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Biodiversity

The Galapagos go green

The Galapagos Islands in the Pacific Ocean, home to a stunning variety of species, have become ground zero for climate change, and the battle to stop it.

Project goal: rolling out green energy

Project size: Floreana, one of the main islands of the Galapagos group

Project volume: 2.1 million euros provided by the International Climate Initiative

The Galapagos Islands are made up of a series of archipelagos and islands and deemed a UNESCO world heritage site. Together, they boast a vast number of species, from plants to animals. But one in every five of the island’s endemic plant species is under threat, as well as half of the endemic animal species - like the Galapagos penguin. The animal’s source of food has vanished, thanks to climate change and warmer waters. Global Ideas joins researchers from the Charles Darwin Foundation as they work to protect native species from the effects of climate change. And the report isn’t just about species conservation. Global Ideas also shows how renewable energies are cleaning up electricity generation. The island of Floreana is entirely powered by electricity generated from Jatropha seeds. And cultivating the plant has provided farmers with an important economic boost.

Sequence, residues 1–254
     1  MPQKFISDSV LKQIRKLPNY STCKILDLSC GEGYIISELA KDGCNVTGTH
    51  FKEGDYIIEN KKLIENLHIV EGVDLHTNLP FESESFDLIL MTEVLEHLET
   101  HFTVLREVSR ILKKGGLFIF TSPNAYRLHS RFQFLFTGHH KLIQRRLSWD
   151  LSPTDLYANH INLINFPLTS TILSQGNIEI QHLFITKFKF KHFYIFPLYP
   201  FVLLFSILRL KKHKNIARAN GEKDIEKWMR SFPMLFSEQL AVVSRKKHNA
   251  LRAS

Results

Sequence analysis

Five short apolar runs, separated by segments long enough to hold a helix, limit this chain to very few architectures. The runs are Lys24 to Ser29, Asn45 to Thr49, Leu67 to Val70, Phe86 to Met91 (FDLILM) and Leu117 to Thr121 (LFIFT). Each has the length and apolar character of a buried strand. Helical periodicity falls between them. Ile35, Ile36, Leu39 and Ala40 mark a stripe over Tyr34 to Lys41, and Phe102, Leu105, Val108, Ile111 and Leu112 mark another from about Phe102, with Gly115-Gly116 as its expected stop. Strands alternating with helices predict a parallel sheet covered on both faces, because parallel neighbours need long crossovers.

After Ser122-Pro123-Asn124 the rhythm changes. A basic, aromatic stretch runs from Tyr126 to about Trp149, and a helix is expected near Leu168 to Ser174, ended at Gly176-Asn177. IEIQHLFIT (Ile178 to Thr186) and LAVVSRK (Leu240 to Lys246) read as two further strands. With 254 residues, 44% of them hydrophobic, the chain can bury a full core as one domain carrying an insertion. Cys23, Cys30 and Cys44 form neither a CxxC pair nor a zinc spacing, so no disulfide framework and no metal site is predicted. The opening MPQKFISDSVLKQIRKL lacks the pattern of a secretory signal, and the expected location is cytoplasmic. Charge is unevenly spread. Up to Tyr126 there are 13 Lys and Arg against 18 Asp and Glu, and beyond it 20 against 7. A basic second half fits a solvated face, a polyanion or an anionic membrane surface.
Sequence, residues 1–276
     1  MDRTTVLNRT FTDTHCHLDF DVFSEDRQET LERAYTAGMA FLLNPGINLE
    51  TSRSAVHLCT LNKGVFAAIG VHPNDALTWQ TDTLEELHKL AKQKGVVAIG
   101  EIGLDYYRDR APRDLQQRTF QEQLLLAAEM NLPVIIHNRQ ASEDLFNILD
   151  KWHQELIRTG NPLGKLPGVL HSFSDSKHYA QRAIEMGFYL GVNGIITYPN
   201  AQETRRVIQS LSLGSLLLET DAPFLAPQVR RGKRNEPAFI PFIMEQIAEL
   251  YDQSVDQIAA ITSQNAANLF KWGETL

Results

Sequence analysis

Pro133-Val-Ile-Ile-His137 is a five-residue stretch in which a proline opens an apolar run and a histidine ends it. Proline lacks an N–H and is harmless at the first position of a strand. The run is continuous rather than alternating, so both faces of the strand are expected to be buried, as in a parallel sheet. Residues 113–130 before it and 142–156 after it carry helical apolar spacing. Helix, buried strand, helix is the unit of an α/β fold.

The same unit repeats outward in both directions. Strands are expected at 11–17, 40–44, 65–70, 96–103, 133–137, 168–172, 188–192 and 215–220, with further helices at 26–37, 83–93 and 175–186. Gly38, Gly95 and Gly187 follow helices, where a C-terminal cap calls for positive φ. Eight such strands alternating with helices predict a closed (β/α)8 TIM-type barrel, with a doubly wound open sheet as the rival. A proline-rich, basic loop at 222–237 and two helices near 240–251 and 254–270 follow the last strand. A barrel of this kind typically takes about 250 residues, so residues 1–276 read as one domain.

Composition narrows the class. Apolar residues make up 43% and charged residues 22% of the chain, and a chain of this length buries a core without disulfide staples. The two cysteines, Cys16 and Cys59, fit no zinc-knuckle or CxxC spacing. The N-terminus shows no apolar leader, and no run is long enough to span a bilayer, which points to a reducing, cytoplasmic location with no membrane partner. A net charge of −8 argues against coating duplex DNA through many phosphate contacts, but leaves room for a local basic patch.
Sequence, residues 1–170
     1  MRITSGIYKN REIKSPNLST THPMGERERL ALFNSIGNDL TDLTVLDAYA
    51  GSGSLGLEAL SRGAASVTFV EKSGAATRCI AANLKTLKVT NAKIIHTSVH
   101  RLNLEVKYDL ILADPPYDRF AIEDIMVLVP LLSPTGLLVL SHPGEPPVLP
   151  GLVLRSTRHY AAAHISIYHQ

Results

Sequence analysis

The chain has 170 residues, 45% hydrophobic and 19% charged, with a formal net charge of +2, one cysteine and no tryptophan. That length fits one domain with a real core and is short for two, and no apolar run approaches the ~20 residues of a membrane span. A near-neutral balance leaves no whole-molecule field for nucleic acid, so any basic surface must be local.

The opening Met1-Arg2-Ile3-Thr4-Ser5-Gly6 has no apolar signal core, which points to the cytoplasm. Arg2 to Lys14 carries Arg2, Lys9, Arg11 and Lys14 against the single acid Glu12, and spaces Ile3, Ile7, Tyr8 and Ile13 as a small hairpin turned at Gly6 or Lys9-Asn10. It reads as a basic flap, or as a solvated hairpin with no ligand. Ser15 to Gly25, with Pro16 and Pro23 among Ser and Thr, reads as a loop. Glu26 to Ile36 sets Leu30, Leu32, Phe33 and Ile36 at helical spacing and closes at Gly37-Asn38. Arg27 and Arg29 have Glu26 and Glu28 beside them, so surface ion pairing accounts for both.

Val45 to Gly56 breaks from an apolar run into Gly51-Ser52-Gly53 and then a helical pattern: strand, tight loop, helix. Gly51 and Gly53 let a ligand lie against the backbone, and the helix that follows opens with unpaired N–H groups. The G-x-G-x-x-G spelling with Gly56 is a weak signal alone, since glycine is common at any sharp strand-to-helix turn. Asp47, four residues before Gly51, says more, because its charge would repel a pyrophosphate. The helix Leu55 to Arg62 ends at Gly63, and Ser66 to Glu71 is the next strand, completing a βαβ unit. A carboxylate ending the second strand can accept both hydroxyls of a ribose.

A film by Manuela Kasper-Claridge

Watch the report

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